* Providing briefing sessions on knowledge important to entrepreneurs. To close the gap between men's and women's understanding of standard business practices, programs can be provided on such subjects as how banks work, how to qualify for loans, how to raise capital for expansion, and possibly on broad areas of practical business knowledge such as contract law, leasing and property regulations, and local or regional variances. Women trying to grow their businesses will probably need easily available training in cash management, finance, accounting, marketing, inventory control, market research, and, in some cases, packaging and point-of-sale advertising.


Women's fertility, health, and economic well-being are closely linked. Women cannot contribute productively to the economy when they are ill-educated, in poor health, or burdened with heavy childcare duties. Poor education and health care services for women encourage the persistence of gender inequalities in economic activities, keeping women ill-equipped to reap the benefits of economic opportunities. Improving women's education and health care can only benefit Ghana's economic development plans.

Improving Women's Education

In 1993 only 31 percent of Ghana's women had any primary education. Roughly 38 percent of women six or older (26 percent of men) had never attended school--and in Ghana's northern regions almost 70 percent of women had no schooling. The gender gap in education was greatest in higher education, where the dropout rate for girls rises steeply. Efforts to improve girls' access to education can reduce the direct and indirect costs to parents of girls' schooling and help to change parental perceptions about the benefits of educating girls. To improve the educational status of Ghana's women will require:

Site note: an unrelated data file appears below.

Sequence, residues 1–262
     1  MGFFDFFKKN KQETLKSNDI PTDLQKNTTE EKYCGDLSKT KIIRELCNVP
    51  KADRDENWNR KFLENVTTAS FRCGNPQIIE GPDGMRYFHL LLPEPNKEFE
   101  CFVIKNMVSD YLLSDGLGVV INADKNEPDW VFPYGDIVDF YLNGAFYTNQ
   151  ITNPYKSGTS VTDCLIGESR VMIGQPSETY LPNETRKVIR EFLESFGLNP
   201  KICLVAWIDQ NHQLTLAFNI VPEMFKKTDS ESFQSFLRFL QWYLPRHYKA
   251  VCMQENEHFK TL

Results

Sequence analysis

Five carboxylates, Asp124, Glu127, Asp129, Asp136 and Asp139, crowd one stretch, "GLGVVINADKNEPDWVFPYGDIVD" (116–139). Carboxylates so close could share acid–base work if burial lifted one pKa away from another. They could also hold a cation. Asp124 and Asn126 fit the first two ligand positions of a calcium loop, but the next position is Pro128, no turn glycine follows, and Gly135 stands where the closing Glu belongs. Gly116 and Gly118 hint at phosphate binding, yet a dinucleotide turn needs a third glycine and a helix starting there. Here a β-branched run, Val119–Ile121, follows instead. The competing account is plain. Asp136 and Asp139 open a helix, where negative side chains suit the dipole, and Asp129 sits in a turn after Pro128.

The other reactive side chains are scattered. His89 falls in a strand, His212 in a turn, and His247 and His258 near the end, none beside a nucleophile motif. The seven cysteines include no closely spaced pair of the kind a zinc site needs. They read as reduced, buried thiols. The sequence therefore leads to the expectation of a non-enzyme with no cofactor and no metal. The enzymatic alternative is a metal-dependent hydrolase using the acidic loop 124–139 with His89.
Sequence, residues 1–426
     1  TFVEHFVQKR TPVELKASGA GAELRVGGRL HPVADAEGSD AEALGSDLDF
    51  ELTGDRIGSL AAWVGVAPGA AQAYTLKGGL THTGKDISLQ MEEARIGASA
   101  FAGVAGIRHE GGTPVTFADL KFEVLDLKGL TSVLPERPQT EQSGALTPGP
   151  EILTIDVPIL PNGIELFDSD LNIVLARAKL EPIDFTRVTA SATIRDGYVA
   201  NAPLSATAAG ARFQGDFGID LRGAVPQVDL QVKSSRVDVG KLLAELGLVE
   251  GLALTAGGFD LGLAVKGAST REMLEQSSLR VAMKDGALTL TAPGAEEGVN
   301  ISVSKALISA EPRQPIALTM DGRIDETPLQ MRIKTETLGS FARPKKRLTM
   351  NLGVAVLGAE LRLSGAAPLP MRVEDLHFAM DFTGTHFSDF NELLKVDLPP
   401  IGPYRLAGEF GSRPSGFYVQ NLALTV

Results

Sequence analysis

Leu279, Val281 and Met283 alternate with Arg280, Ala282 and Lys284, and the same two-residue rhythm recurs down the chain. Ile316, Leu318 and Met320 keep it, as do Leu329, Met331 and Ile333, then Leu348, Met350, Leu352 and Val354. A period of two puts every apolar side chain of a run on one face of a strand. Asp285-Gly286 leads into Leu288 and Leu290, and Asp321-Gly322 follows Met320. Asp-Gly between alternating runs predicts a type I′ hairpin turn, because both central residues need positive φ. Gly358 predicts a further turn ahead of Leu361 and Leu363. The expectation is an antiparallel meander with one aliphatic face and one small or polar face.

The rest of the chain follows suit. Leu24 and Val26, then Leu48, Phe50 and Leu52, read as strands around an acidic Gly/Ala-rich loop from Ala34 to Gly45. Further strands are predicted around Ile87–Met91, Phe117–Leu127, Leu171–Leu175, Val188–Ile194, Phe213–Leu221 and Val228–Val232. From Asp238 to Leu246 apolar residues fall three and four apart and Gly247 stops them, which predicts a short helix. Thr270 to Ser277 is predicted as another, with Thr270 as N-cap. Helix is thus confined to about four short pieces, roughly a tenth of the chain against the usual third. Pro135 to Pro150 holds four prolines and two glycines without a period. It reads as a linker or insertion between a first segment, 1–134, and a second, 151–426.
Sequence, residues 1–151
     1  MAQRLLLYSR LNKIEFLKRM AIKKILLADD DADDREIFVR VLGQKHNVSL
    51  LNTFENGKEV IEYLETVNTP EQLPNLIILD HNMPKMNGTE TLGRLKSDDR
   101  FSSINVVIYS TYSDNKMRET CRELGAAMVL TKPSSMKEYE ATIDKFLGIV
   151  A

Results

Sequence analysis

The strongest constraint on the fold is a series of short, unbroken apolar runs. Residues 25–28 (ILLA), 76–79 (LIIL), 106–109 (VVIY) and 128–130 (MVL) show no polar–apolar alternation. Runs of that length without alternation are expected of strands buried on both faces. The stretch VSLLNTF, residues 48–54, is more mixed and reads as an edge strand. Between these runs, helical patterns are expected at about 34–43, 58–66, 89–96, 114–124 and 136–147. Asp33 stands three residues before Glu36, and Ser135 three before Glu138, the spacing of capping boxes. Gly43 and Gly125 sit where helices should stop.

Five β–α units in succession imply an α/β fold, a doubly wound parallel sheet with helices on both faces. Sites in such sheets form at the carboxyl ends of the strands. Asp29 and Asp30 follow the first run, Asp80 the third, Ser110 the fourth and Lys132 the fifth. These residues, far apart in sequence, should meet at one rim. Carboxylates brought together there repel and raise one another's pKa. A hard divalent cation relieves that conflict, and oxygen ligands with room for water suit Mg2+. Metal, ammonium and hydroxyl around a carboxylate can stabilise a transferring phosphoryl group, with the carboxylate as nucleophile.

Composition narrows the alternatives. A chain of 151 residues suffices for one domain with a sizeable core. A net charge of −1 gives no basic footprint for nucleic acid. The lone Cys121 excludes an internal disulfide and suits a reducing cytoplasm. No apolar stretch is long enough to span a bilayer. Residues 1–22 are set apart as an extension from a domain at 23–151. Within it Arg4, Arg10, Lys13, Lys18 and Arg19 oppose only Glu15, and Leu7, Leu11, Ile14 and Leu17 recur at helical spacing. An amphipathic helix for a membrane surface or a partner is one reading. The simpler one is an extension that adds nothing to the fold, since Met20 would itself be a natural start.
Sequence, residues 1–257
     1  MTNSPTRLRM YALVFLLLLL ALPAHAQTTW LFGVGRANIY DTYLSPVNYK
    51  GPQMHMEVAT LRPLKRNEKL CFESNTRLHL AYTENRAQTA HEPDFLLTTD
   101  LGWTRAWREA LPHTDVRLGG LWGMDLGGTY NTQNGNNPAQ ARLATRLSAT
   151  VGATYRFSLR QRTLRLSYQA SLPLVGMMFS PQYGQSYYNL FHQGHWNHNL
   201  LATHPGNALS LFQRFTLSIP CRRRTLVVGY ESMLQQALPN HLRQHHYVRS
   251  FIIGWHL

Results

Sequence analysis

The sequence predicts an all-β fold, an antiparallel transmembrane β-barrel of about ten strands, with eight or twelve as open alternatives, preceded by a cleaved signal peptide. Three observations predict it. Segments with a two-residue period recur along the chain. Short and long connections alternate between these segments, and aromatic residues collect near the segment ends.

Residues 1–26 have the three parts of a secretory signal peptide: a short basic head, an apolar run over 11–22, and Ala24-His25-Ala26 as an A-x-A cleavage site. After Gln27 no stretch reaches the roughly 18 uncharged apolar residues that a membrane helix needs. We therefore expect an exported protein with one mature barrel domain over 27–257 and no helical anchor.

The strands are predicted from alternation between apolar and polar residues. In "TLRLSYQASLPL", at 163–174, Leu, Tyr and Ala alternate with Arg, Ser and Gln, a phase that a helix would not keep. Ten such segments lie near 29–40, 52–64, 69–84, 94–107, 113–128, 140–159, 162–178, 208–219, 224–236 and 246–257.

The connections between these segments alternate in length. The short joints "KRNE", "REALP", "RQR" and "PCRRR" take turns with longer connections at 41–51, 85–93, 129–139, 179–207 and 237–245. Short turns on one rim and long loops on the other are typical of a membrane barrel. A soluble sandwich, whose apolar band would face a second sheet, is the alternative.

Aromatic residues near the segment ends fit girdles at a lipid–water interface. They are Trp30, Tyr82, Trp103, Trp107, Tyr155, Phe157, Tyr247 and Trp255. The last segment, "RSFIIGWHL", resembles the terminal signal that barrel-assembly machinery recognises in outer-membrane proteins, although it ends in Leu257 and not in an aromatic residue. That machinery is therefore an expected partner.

* Addressing constraints on girls' time and disparities in the household division of labor between boys and girls, probably through communication and public education activities.

* Making school schedules more flexible. School hours could be organized so as not to conflict with girls' household and other tasks. Double shifts would give households some flexibility in selecting time slots appropriate for their daughters.

* Increasing the reach of the education system, by establishing schools closer to homes or by providing community-managed boarding facilities so girls can safely attend distant secondary schools.

* Subsidizing education for girls (especially in Ghana's northern sector). A strong case can be made for providing free or subsidized textbooks for girls as well as scholarships, fee waivers, and other incentives that, by reducing direct costs to parents, would improve girls' enrollment and academic performance. This could be reinforced with a public education campaign to raise awareness about both the negative effects of gender discrimination and the positive benefits of educating girls.

* Improving the quality of education by reforming curriculum, textbooks, testing, and teacher training. Spending more on curriculum design, textbooks, and other inputs--simply providing blackboards, for example--to improve the quality of schooling will make a big difference in students' learning.